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Georgia: Formation of the Shevardnadze Government
Country Study > Chapter 7 > Government and Politics > Formation of the Shevardnadze Government


An immediate goal after Shevardnadze's return was to avoid repeating the one-man rule imposed by Gamsakhurdia while keeping a sufficiently tight grip on central power to prevent regional separatism. The newly elected parliament convened for the first time in November 1992. The lack of dominant parties and the large number of independent deputies ensured that Shevardnadze would dominate parliamentary sessions. The precise role of Shevardnadze was not clear at the time of the elections; on November 6, the parliament ratified proposals on this subject in the Law on State Power. Instead of reestablishing the post of president that had been created by -- and was still claimed by -- Gamsakhurdia, parliament gave Shevardnadze a new title, head of government. In theory, parliament was to elect the holder of this office, although in practice the position was understood to be combined with the popularly elected post of chairman of the parliament. Thus an impasse between the executive and the legislative branches was avoided by giving the same person a top role in both, but the division of power between the branches remained unclear in early 1994.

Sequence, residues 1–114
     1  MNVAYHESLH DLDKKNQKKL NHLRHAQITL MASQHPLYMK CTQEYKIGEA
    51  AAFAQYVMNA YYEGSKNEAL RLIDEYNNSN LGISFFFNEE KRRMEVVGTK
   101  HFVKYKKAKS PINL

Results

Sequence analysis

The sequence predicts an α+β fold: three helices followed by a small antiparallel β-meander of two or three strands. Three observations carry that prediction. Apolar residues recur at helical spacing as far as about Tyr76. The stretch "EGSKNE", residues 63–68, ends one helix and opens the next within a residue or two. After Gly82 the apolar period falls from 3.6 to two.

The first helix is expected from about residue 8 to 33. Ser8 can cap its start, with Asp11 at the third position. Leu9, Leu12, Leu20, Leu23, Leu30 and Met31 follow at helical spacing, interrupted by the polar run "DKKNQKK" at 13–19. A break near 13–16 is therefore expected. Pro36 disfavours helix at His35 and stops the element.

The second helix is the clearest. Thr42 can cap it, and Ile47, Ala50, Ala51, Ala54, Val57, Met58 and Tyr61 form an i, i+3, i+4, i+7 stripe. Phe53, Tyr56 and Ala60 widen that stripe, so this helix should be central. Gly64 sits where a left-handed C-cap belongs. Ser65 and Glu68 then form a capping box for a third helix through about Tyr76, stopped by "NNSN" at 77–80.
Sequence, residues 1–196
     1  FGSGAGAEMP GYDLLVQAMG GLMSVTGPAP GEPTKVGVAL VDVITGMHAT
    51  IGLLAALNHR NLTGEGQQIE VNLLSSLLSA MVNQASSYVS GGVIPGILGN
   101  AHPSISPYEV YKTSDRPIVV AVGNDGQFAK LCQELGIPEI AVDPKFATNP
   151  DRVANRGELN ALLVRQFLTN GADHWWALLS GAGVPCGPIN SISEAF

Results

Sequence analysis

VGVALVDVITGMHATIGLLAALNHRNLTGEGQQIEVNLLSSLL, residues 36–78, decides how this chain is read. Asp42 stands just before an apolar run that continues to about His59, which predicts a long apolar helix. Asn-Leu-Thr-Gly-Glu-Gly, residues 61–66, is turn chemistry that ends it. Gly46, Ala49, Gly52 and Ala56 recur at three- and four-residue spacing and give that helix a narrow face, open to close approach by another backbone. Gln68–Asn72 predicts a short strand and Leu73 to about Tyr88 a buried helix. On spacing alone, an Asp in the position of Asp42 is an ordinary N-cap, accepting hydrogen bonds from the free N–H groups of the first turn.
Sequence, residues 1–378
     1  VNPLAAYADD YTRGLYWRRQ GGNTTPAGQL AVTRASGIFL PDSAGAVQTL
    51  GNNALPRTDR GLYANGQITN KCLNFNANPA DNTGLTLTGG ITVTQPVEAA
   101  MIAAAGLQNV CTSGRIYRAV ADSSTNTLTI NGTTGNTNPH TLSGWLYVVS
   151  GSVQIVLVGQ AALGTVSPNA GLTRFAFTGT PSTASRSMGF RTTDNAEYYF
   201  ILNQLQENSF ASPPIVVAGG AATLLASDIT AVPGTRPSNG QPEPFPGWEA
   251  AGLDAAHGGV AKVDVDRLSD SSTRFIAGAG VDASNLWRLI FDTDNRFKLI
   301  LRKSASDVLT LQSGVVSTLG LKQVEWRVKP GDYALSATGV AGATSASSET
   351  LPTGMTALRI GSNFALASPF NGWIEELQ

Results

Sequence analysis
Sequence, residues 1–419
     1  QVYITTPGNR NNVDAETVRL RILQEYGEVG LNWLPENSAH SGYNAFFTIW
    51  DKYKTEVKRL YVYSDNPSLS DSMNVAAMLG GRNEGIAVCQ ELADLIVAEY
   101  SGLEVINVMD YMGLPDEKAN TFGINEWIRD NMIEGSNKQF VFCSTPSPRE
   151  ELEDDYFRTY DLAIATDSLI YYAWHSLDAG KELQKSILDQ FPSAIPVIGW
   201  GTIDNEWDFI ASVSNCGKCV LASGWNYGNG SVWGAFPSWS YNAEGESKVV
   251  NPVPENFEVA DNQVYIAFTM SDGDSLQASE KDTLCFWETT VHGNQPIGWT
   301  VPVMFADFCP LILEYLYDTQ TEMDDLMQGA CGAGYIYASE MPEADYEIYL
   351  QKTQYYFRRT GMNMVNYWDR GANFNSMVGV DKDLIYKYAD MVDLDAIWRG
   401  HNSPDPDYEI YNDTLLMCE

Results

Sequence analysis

Data as of March 1994

Last Updated: March 1994

Editor's Note: Country Studies included here were published between 1988 and 1998. The Country study for Georgia was first published in 1994. Where available, the data has been updated through 2008. The date at the bottom of each section will indicate the time period of the data. Information on some countries may no longer be up to date. See the "Research Completed" date at the beginning of each study on the Title Page or the "Data as of" date at the end of each section of text. This information is included due to its comprehensiveness and for historical purposes.

Note that current information from the CIA World Factbook, U.S. Department of State Background Notes, Australia's Department of Foreign Affairs and Trade Country Briefs, the UK's Foreign and Commonwealth Office's Country Profiles, and the World Bank can be found on

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